On a cool, spring morning, I stood in the alcove of my church. Palms sweating. Heart pounding. Hands shaking. I was about to walk down the aisle and get married. Struggling for a deep breath, I was very sure about who and why I was getting married, but it was the what I was crumbling under. What does our future look like? How many kids will we have? Will he always love me? I wish Mom were here.
Bruce and I first saw each other when I was 15 years old. He was 19. We didn’t meet that night, but I knew, from the bottom of my soul, I was going to marry him. Two years passed without him darkening the door of our church again. One day, he just showed up! It was exactly one month after my mom died. I was 16, almost 17. He was 20 and in the Air Force. My, oh my, how handsome he looked in uniform. We became instant friends. He tutored me in math (my worst subject ever!) and I graduated high school. On my 18th birthday, he took me to a wonderful dinner and a show, then he drove us to our favorite spot on the beach. In a stokin’ hot blazer and dress pants, sweating profusely in the summer humidity, he knelt on one knee in the sand and proposed.
He and I were just beginning to find our paths in life. I was a mess from my childhood unraveling like an old sweater – tragedy after crisis after tragedy – and he was completing his military service. We both knew our goal was to be college-bound, but that’s all we knew. No money. No help. Just the two of us and God.
I was 19 on my wedding day. He was 23. I mustered the courage, said a prayer under my breath, and walked the aisle to my awaiting groom. People at the wedding took bets on how long they thought it would last. I knew then what I still know now about the statistics for young marriages. Statistics for a shipwreck like myself. Statistics for not finishing college once married. Yes, I knew all that. But, God had this crazy plan that bucked the system. He told me I was no longer a statistic.
Twenty-two years later, we celebrated our anniversary with our kids’ soccer and football games, a delicious Italian meal and a show. Our three amazing kids also surprised us with breakfast in bed that morning with a pathetic, begging dog standing by – just waiting in hope for the “accidental drop” of scraps. Over the last few days, I’ve reflected on the past 2+ decades and have come to a few conclusions:
First, someone lost a bet. Our marriage is still rockin’ on. With God, all things are possible. I didn’t have to remain a victim, anymore than our marriage was destined to become one. A fresh start with God means a fresh start.
Also, after being married this long, I feel I can have some opinions on married life. I’m not 19 anymore, and Bruce and I have a whole lot of water under the bridge. Sometimes the water has been calm and clear. We could see straight through it to the treasures lying beneath the surface as we floated past. Other times, the water has moved more swiftly with life’s current. We’ve learned the value and benefit of remaining adaptable to the changing flow that can rock the boat. Still other times, our boat has capsized in the ominous, raging river. Life’s storms have been unpredictable, overwhelming and difficult enough to make us want to attempt to swim to shore. I’m so glad we hung onto the overturned boat and rode it out.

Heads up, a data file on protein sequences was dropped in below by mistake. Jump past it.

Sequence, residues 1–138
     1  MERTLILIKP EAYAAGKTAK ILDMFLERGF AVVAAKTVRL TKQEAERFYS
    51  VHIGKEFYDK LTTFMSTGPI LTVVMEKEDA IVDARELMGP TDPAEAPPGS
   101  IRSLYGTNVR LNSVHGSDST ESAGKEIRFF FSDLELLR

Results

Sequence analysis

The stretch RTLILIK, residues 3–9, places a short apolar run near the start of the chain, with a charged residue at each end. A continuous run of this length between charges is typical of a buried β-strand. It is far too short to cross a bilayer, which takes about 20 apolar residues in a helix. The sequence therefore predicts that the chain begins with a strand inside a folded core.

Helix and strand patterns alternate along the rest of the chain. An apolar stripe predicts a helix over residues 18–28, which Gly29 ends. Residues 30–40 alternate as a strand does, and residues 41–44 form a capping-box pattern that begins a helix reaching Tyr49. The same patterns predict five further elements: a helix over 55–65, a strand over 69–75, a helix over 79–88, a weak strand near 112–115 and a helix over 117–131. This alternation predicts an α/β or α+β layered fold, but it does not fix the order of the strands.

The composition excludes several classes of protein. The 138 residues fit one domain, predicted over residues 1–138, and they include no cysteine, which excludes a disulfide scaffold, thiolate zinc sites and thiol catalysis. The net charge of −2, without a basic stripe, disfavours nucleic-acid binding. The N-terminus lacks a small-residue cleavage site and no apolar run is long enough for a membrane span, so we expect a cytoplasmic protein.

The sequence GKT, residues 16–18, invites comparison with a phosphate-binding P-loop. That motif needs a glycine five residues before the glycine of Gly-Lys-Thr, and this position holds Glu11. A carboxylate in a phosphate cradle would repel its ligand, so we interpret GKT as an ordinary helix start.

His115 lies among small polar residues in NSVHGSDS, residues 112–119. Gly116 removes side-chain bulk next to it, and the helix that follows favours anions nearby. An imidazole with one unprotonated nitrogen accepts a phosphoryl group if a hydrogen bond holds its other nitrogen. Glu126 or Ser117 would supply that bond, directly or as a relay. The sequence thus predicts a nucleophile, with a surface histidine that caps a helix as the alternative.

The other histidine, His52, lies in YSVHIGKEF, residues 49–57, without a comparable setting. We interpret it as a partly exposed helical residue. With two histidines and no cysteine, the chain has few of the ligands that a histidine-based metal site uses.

That’s the focus of my recent thoughts. I’ve been married to Bruce longer than my entire life before him. We joke that we finished growing up together. I love what someone once said, and if I could remember who it was I would quote them – you marry not one person, but many. Meaning, Bruce and I have changed a lot over the years. With those changes, we’ve had to adapt to a new normal…many times. But it’s been well worth it. Through frightening illness with the kids, car accidents, moving, injuries, surgeries, job loss, family deaths, and a myriad of things we’ve gone through together, we continue to reap the benefits of staying married – trust, comfort, and joy to name a few.
I look at Bruce today and know exactly what he’s thinking. He can say the same about me. I know so much about him, but because he is constantly changing, as I am as well, life is never boring. He told me just the other day that he no longer prefers his beloved hazelnut coffee creamer (shocker!). He also told me his entire vision of what He believes God has for our family is shifting. Whoa. Okay. I am so glad that we haven’t give up on God – who promises to help us – nor on each other, because I like who Bruce is today and I like our marriage. Whether things are smooth sailing or we are working hard to patch a leak in the boat, we’ve got each other to travel this crazy river of life.
There is no promise for a problem-free life, but God offers immeasurable joy when He is the captain of the boat. Keep rowing. Keep investing in each other. If the boat tips over, hang on and ride out the storm. Then climb back into the boat.
Paul said it best in Philippians 4:12-13, “I know what it is to be in need, and I know what it is to have plenty. I have learned the secret of being content in any and every situation, whether well fed or hungry, whether living in plenty or in want. I can do everything through Christ who gives me strength.”
This sounds familiar. Oh yes, Bruce and I took an oath under God when we got married – for better, for worse, for richer, for poorer, in sickness and health, to love and to cherish ’till death due us part. I am content, not because Bruce or I know how to beat the odds on our own, but because we have discovered that the power of Christ in our marriage can weather the storms and show us that marriage, indeed, is a beautiful journey when we stay in the boat and enjoy the ride together.
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